"Pieta" promotes love, strengthens relationships among religious communities, says Indonesian Muslim scholar
After touring the Vatican's Catacombs, Al Makin, an Indonesian Muslim scholar, spoke on the importance of promoting Pieta's work and bringing all faith adherents together as brethren through a visit to St Peter’s Basilica in the Vatican.
Al Makin, chancellor of the State Islamic University of Sunan Kalijaga Yogyakarta, along with the Indonesian Minister of Religion and others, met with Pope Francis at the Vatican on June 8 and expressed his admiration for Michelangelo's Pieta, located in the Basilica's catacombs.
Father Markus Solo Kewuta, a member of the Papacy's Council for Interreligious Dialogue, took the team on a tour of the Basilica, where Makin discovered the "Pieta" sculpture as cited in Rmold Id Agency news.
The name "pieta" comes from the Italian word for "pity" and the Latin word for "compassion." This sad painting shows the Virgin Mary holding Jesus' body in her arms.
Makin said that the events shown in the Pieta might correspond to events that occurred in the holy territory of Jerusalem two thousand years ago.
He said, “Pieta represents not just the sacrifice of a prophet (Jesus) for his people but also a mother's love for her son.”
Makin thinks that this connection of love between God and people, mother and child, and other feelings of love should be the basis for how people of different religions talk to each other around the world.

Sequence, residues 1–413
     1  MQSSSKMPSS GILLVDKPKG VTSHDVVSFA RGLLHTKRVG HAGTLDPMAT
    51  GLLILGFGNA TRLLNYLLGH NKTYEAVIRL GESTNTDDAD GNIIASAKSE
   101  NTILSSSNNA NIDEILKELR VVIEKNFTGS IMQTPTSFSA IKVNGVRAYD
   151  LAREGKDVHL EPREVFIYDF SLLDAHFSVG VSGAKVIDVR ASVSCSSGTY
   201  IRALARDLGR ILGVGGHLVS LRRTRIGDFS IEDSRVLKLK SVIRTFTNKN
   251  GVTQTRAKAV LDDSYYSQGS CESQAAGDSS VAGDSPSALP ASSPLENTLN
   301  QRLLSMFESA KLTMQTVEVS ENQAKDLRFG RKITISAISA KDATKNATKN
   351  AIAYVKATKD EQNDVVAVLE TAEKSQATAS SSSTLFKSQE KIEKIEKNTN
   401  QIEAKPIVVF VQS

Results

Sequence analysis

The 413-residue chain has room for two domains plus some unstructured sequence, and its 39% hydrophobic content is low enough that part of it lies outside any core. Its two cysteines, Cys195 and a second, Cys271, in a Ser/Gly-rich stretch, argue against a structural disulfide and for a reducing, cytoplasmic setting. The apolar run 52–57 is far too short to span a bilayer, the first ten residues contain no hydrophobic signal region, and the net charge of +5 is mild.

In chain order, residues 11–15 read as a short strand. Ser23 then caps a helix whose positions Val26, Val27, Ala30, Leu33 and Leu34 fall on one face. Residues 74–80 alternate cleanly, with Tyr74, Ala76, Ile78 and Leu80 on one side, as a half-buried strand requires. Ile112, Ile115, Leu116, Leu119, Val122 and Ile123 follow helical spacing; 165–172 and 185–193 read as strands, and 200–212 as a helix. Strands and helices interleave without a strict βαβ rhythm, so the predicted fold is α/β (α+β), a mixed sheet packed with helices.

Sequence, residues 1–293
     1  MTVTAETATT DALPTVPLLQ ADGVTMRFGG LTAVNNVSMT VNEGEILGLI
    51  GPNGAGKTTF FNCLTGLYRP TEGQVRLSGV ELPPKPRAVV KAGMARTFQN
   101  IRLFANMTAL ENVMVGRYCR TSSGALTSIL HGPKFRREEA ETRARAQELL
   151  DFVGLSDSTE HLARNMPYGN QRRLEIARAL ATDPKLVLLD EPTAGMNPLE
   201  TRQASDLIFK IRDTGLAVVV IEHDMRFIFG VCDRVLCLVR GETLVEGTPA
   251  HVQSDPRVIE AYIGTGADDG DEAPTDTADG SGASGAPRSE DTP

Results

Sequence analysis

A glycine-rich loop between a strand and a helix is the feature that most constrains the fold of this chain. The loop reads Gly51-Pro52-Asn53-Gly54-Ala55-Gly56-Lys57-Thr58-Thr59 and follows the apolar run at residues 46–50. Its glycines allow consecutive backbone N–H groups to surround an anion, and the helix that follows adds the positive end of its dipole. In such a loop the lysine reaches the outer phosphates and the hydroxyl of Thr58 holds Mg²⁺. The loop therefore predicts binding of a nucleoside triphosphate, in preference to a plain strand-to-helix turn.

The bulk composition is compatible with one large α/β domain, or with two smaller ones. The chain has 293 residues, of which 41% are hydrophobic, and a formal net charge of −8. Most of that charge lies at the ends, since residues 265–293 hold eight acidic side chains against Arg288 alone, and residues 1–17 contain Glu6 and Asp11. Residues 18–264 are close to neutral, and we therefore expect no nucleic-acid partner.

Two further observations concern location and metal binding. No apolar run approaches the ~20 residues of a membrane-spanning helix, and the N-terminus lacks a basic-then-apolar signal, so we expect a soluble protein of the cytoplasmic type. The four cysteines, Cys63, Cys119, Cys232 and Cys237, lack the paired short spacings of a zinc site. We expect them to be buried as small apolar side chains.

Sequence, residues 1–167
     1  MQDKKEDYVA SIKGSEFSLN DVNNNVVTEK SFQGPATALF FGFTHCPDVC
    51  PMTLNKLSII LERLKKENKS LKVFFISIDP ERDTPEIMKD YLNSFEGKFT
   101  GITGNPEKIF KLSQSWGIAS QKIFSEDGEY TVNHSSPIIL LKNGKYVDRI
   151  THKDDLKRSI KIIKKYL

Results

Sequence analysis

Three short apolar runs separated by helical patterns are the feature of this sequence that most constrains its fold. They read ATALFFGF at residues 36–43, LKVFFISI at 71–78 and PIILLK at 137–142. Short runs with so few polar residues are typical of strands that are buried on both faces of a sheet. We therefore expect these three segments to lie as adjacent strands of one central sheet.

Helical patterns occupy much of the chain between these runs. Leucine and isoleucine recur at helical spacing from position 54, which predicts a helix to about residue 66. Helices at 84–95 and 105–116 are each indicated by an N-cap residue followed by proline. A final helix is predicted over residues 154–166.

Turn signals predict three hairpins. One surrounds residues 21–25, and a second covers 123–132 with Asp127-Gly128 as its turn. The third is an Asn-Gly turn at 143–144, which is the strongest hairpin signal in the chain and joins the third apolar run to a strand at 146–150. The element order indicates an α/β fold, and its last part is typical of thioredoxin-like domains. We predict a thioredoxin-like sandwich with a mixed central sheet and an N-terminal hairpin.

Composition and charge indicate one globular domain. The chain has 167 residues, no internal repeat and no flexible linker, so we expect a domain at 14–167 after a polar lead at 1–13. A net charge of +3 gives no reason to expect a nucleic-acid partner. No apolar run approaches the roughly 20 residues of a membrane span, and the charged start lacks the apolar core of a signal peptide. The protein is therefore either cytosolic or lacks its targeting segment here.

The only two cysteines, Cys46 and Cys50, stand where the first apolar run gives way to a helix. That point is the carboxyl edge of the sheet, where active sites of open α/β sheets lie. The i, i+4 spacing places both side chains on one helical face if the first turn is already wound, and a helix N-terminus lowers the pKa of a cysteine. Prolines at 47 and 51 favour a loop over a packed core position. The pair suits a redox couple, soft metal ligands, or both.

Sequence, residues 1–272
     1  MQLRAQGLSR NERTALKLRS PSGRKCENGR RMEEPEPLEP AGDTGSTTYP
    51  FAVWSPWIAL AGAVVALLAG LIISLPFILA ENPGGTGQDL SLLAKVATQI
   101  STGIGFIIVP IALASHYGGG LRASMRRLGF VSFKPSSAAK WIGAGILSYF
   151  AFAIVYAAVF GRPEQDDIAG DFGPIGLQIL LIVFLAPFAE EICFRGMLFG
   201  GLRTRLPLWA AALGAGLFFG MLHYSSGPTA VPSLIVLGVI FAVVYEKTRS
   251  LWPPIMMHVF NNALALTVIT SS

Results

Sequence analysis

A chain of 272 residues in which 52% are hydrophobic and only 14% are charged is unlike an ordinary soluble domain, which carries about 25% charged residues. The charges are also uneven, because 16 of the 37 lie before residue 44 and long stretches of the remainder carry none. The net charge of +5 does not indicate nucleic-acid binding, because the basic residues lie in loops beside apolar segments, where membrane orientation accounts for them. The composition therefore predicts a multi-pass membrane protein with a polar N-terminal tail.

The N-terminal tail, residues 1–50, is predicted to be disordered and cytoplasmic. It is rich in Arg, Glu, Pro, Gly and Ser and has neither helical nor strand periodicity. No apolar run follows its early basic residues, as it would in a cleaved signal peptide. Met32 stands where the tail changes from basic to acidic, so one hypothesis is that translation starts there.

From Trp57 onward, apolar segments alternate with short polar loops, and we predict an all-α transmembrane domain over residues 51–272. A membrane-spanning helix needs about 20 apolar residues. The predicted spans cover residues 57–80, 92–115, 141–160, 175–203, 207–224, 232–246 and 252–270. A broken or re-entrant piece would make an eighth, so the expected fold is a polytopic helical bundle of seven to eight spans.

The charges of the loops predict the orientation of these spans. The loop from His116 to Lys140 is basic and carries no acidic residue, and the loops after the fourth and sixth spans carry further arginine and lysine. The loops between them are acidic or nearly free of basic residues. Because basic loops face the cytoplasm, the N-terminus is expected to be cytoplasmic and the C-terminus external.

He looks at how the sadness is shown, how fresh the body is, and the religious meaning of the connection between the mother and son in Pieta.
He said, "For Catholics, (perhaps) Pieta is a model of solemnity."
As a Muslim, he compares Pieta's work to a Muslim who reads “Sirah Nabawiyah” (the Prophet's journey) as part of his fight to keep God's word alive.
He said, "This importance can be increased by talking to other religions, at least between Catholics and Muslims, and by all religious groups in the context of the world and Indonesia."
He said, "We need Pieta's work and a trip to the Basilica to bring us together like brothers."
Makin says that the Minister of Religion of the Republic of Indonesia and his colleagues went to the Vatican to promote religious tolerance and brotherhood and invite Pope Francis to visit Indonesia, the world’s largest Muslim country.
"The purpose of the visit is to create fraternity between religions and people in an atmosphere of tolerance and collaboration," he said. - Kasmir Nema
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